Smaller states are easier to govern and develop. They may seem unstable from having too few legislators but Manohar Parrikar made an example of Goa with his unvaried thrust to economic growth and development which brought political stability to the state. There is every reason to believe that smaller states fashioned from UP, Bihar, Maharashtra, West Bengal and Tamil Nadu will follow Goa’s stable pattern. In any case, they will each have two to three times more assembly members than Goa.
State elections are consuming too much national time and energies. Frequent elections and the negativities they generate is something all parties should get together and minimize. The damage caused to the national psyche is enormous. But super-sized states and their overweighted politics are also hurting national growth and cohesion. Bihar A and Bihar B with 20 Lok Sabha seats each would consume far less election time and exhaust the nation in half of a united behemoth with 40 seats. Uttar Pradesh divided into three entities will cease having a disproportionate influence on national politics. It is disconcerting that it controls a seventh of the Lok Sabha.
Wouldn’t smaller states come at a cost of a strengthened Centre? That is not so terrible. All the same, the Congress era of sacking state governments at will is over. The Supreme Court is intervening in cases of contentious assembly confidence votes where the speaker is biased. Information transfer is also so fast and far-reaching that a state deliberately neglected by the Centre has a powerful weapon of public opinion to fight back. Public opinion overwhelmingly supports economic growth and development. So the fears of a wilful Centre may be put to rest. But smaller states will definitely mean that they cannot use size to obstruct the national narrative of growth and development. India on the whole will become more governable and amenable to the rule of law.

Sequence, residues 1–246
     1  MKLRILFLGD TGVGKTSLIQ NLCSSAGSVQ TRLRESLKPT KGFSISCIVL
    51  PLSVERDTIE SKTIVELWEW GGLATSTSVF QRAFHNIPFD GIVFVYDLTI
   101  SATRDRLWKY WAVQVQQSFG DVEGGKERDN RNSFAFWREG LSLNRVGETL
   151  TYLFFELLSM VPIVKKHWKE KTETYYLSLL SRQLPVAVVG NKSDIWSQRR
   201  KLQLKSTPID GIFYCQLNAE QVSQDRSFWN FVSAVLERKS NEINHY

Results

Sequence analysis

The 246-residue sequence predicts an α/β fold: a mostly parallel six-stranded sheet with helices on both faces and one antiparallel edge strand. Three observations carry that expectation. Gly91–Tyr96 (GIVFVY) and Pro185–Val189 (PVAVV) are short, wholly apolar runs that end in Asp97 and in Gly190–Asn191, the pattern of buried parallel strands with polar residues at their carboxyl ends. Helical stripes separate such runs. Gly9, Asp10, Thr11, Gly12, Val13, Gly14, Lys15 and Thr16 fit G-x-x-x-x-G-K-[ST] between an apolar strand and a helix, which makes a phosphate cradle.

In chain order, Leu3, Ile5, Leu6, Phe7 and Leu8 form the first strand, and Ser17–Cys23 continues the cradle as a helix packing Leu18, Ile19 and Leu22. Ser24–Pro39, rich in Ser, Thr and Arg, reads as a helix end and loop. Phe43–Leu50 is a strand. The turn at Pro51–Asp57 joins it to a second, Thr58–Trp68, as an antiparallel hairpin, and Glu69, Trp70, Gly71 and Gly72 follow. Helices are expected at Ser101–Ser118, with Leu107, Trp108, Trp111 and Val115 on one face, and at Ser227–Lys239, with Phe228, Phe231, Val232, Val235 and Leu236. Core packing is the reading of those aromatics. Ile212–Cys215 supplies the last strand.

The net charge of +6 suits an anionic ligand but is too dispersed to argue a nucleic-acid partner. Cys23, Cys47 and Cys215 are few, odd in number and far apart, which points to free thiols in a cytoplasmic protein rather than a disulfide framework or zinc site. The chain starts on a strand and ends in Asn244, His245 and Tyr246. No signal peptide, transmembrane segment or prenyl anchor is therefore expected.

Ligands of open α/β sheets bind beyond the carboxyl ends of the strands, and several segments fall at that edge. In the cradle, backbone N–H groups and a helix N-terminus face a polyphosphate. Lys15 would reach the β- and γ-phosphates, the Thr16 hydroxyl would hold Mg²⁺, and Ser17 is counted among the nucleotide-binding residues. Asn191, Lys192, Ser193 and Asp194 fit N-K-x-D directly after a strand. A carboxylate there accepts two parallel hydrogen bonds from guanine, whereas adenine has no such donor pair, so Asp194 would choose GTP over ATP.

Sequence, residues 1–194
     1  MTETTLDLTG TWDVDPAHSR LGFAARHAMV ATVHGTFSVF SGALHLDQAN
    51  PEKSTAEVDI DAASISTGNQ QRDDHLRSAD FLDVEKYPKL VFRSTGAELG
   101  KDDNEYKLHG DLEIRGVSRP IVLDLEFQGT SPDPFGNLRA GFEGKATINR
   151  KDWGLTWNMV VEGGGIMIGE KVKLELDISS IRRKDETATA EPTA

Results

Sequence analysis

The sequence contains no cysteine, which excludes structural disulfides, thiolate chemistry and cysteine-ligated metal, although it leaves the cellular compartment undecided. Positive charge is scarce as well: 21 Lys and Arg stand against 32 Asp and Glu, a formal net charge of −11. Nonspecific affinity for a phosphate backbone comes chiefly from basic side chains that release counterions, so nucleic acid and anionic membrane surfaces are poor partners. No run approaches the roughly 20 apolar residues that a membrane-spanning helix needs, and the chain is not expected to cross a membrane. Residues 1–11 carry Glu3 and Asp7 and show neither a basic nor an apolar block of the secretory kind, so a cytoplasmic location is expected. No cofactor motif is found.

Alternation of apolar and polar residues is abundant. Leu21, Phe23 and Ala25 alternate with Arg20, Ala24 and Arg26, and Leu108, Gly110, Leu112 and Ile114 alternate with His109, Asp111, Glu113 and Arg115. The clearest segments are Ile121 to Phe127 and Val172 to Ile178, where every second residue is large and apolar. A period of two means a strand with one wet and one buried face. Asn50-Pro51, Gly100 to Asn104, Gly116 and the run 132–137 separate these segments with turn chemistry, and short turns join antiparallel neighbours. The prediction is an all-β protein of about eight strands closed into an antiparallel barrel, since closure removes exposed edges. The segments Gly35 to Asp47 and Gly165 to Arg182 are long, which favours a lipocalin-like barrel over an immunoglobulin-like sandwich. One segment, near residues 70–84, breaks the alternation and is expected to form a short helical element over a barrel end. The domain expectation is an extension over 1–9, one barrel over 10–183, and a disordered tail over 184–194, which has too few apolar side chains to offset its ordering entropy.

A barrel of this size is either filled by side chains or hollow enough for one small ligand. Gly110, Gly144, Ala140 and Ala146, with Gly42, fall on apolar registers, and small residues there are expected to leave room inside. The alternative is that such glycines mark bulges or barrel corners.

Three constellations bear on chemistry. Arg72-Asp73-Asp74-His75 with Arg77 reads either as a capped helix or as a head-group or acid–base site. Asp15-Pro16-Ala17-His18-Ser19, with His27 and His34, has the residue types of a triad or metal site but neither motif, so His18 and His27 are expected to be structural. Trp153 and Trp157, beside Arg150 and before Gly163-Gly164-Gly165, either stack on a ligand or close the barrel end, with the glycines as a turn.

If a spirited campaign gets underway now, perhaps the country will see more numbers of smaller states with better futures in the years to come. Politics in the states will also become less about power for power’s sake than good governance.
This piece was originally published at newsinsight.net and has been republished here with permission.
Following is a report from http://odishasuntimes.com/2015/08/26/12-hr-koshal-bandh-affects-life-in-10-western-odisha-dists/
More than 10 western Odisha districts are observing a 12-hour bandh today demanding separate statehood for the Koshal region in response to a call given by the Koshal State Coordination Committee (KSCC).
As a consequence of the bandh, normal life was disrupted in the morning at some places in western districts.
While shops, government and private establishments, schools and colleges remained closed, agitators stopped movement of trains at some stations putting commuters in difficulty. The bandh had an effect in Balangir, Jharsuguda, Sambalpur, Sundargarh, Rourkela, Bargarh, Deogarh, Subarnapur, Nuapada and Kalahandi.
The bandh call was given by the KSCC comprising representatives of organizations of 10 western Odisha districts.
In Sundargarh, shops, government and private establishments, schools and colleges remained closed while movement of traffic was disrupted in this mineral rich district. With dumpers and trucks remaining off the road,s transportation of minerals has come to a standstill.
Agitators owing allegiance to Koshal Kranti Dal (KKD) force closed some government offices which were open by picketing in front of them.
A large number of policemen have been deployed in the district headquarters town to maintain law and order. Police has arrested 30 members of the KKD in Sundargarh district.
“In 1936 and 1948, the political leaders of Odisha got our land merged with the state through a conspiracy. We are demanding a separate state as per the provisions of Article 2 and 3 of the Constitution,” Pramod Kumar Mishra a leader of the Koshal movement in Balangir had said in a statement on Tuesday.
Formation of a separate state is the only solution to the problems like regional imbalance, discrimination in education, employment, industrialization and development, he had added.
On Saturday, activists of Koshal movement took out a motorbike rally at Bargarh from Samalei Temple in the city through Bheden and Chiplima before culminating at the Maa Samalei Temple in Sambalpur to sensitize people for separate state.